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HR 101 – What to do when . . . You’re not sure about leave – Part 3

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Please note that this pertains to the South African Labour Relations and Best Practice requirements.

I promised that we would have a look at the subject of accumulation of leave.

This is not a good idea people – not good for the Business at all! Actually, the Letters and Contracts of Appointment that I have, deals very clearly with this point. Let’s examine why it is not a good idea and then I will let you know how I deal with it in the employee contracts.

So George has been working for Mike now for a period of 17 years. Both George and Mike are very ‘proud’ of the fact that George has not taken a single days’ worth of leave in that entire time. The perception, of course, is that George is so dedicated to his work that he will sacrifice himself in order to make sure that the business works . . . well! Seventeen years – that’s a long time not to take leave, in fact, it is a whopping 255 days leave that is due to George – almost 9 months worth of leave due! Incredible wouldn’t you say? Well not for me, I would say “EEEeeeeeeekkkkk! Houston we have a problem!”

Let’s have a look at the real reason that George has not taken leave. You see, personally, I don’t believe that anyone could be that dedicated! Even people who own their own businesses or work for themselves take a break from time to time and there is anyone ‘dedicated’ to what they do, it’s them. Wouldn’t you agree?

One of the biggest frauds that I have come across in my career as Internal Auditor (a career that spans more than 45 years, I might add) ‘popped’ up when we put a stop to all overtime and insisted that people within the organization took their leave. You see, the people who are committing fraud, or who (as in this case) was ‘in charge’ of all the people that they had coerced into committing the fraud, had to be around in case a question or two was asked – so that they could cover their tracks, make the appropriate excuses or make a timeous exit, should the need arise.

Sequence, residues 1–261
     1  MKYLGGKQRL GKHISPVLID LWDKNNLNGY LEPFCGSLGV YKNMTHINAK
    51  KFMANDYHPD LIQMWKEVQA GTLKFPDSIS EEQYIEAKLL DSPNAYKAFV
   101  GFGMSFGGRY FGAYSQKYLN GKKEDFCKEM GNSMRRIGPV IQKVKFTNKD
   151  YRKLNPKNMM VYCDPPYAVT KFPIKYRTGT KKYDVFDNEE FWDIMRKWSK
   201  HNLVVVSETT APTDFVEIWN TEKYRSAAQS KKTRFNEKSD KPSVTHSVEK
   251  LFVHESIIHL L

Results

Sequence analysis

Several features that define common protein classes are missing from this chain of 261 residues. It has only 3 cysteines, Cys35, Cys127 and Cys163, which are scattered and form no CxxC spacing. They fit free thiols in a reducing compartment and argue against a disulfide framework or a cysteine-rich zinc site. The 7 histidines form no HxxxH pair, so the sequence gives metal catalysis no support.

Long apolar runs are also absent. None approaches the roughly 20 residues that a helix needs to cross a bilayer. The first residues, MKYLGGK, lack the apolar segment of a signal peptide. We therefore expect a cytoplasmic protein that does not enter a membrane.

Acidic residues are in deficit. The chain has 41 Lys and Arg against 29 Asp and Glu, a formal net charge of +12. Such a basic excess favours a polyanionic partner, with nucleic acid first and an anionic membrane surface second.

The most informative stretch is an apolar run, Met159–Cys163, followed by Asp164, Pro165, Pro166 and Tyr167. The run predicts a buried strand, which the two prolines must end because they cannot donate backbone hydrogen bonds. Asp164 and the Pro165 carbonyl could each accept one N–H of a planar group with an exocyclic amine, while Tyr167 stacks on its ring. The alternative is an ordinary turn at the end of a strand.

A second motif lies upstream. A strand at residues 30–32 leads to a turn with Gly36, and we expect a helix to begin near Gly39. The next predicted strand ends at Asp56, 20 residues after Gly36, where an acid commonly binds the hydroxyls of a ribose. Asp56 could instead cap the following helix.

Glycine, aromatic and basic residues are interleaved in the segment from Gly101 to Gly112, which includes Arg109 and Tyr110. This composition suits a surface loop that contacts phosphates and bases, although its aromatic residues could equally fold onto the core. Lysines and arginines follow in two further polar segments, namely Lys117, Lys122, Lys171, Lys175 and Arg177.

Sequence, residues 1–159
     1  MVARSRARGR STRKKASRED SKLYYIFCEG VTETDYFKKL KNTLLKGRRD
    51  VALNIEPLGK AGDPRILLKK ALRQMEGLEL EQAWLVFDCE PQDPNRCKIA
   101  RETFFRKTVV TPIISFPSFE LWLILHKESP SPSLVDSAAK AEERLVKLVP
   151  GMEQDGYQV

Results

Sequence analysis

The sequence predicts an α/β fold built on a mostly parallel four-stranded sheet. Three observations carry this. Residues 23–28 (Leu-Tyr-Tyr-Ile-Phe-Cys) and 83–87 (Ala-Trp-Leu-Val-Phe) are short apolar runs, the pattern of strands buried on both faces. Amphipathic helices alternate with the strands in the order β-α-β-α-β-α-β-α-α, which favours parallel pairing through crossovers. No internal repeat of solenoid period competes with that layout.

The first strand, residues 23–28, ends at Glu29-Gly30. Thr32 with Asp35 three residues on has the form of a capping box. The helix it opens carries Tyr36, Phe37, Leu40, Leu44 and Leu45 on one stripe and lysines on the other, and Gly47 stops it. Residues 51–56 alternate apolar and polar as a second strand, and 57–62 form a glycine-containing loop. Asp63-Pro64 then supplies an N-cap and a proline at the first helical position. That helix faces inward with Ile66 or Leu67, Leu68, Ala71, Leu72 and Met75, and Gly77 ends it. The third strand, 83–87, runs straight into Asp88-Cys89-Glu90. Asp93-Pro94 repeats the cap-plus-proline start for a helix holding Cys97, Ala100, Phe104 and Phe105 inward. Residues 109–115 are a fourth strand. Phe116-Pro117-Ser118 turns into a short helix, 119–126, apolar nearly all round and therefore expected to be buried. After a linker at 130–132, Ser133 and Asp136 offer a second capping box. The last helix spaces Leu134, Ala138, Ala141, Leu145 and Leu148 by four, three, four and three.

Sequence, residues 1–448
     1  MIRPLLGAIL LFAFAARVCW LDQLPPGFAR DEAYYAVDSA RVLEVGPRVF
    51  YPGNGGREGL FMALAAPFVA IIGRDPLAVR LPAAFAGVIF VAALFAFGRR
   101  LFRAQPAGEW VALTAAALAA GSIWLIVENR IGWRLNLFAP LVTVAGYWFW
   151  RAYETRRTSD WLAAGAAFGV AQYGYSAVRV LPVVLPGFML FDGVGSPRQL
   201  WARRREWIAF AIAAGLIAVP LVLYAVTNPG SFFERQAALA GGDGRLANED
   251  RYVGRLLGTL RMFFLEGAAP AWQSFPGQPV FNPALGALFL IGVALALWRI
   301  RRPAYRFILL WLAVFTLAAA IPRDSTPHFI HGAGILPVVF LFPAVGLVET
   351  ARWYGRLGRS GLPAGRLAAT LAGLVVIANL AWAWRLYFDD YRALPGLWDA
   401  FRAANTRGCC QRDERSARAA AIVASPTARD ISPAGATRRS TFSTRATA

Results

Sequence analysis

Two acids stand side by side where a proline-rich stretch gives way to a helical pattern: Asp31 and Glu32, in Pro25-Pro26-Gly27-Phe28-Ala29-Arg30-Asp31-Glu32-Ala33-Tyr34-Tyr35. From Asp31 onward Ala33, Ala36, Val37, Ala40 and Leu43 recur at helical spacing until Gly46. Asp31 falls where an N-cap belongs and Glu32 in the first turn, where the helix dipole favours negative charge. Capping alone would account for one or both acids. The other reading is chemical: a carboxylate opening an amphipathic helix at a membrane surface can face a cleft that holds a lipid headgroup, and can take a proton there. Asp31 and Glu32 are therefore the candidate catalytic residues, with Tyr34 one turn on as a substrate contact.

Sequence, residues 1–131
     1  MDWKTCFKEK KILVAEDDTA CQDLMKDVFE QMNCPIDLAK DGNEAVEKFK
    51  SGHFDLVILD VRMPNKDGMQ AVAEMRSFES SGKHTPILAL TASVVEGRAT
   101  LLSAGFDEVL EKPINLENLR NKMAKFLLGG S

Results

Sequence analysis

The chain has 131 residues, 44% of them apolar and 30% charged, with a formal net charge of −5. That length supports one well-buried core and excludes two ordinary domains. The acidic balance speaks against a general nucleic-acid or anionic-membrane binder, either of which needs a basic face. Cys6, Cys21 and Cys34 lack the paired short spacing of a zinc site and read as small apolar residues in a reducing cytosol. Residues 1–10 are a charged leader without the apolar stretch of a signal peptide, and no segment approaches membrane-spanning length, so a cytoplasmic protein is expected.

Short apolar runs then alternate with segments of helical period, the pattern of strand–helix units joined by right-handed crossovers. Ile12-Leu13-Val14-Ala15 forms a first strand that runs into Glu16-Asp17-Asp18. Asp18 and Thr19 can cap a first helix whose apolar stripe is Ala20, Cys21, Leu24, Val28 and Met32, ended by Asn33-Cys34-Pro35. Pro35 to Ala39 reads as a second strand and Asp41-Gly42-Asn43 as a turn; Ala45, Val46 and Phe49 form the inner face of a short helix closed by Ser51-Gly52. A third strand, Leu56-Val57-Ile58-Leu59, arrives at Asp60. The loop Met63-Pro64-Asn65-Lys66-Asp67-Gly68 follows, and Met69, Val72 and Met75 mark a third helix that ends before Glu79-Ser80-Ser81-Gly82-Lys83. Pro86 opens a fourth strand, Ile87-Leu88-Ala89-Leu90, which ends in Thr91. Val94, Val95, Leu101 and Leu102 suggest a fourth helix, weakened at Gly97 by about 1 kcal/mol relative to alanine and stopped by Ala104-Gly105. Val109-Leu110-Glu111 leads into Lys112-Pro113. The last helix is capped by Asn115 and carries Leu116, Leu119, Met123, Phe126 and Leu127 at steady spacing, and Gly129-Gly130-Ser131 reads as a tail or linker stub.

That is one of the reasons that the Basic Conditions of Employment Act is quite specific about leave and how it should be taken. Taking a day here or there doesn’t cut it. Your employees need to take their leave in blocks/weeks/chunks or any other way you would like to describe it.

Let’s be reasonable, apart from anything else, everyone needs a break, everyone needs to rest and honestly speaking, you are not doing yourself or your business any favors by having people around that are dog tired. Contrary to popular belief, they do not work to their best capacity and neither do you. So let them take their time off and make sure that you do too.

So that’s the first reason that your staff MUST take leave – let’s have a look at some of the others.

Although George has been with Mike for seventeen years now, he has been headhunted by Mike’s rival company. Apart from anything else, they are prepared to give George, double the salary that he is earning right now and they are also going to throw in a car, a petrol allowance, and a cell phone. George of course, being the loyal employee that he is turning down the offer! Yeah right! George hands his resignation in so quickly, it’s written and handed in before Mike can even blink!

Think about this one for a moment – Mike now has to “payout” the 255 days leave that he owes George and get this – it’s not at 15 days at the rate that George was paid in the first year and then 15 days that George was paid in the 2nd year and so on. It is 255 days at George’s current rate of pay! What exactly do you think that this is going to do to Mike’s cash flow, presuming of course that he has one?

This is the kind of stuff that ‘closes’ businesses down – fast.

In the employment contracts that I use, it is stipulated that employees have to take a minimum of 80% of their leave as of 31 December of each year. The balance of 20% may be accumulated until 31 March of the following year and if not taken by then is forfeited by the employee.

As you can see, it is in your own best interests to ensure that your employees take their leave every year – all of it.

Next week, we will look at a whole new topic!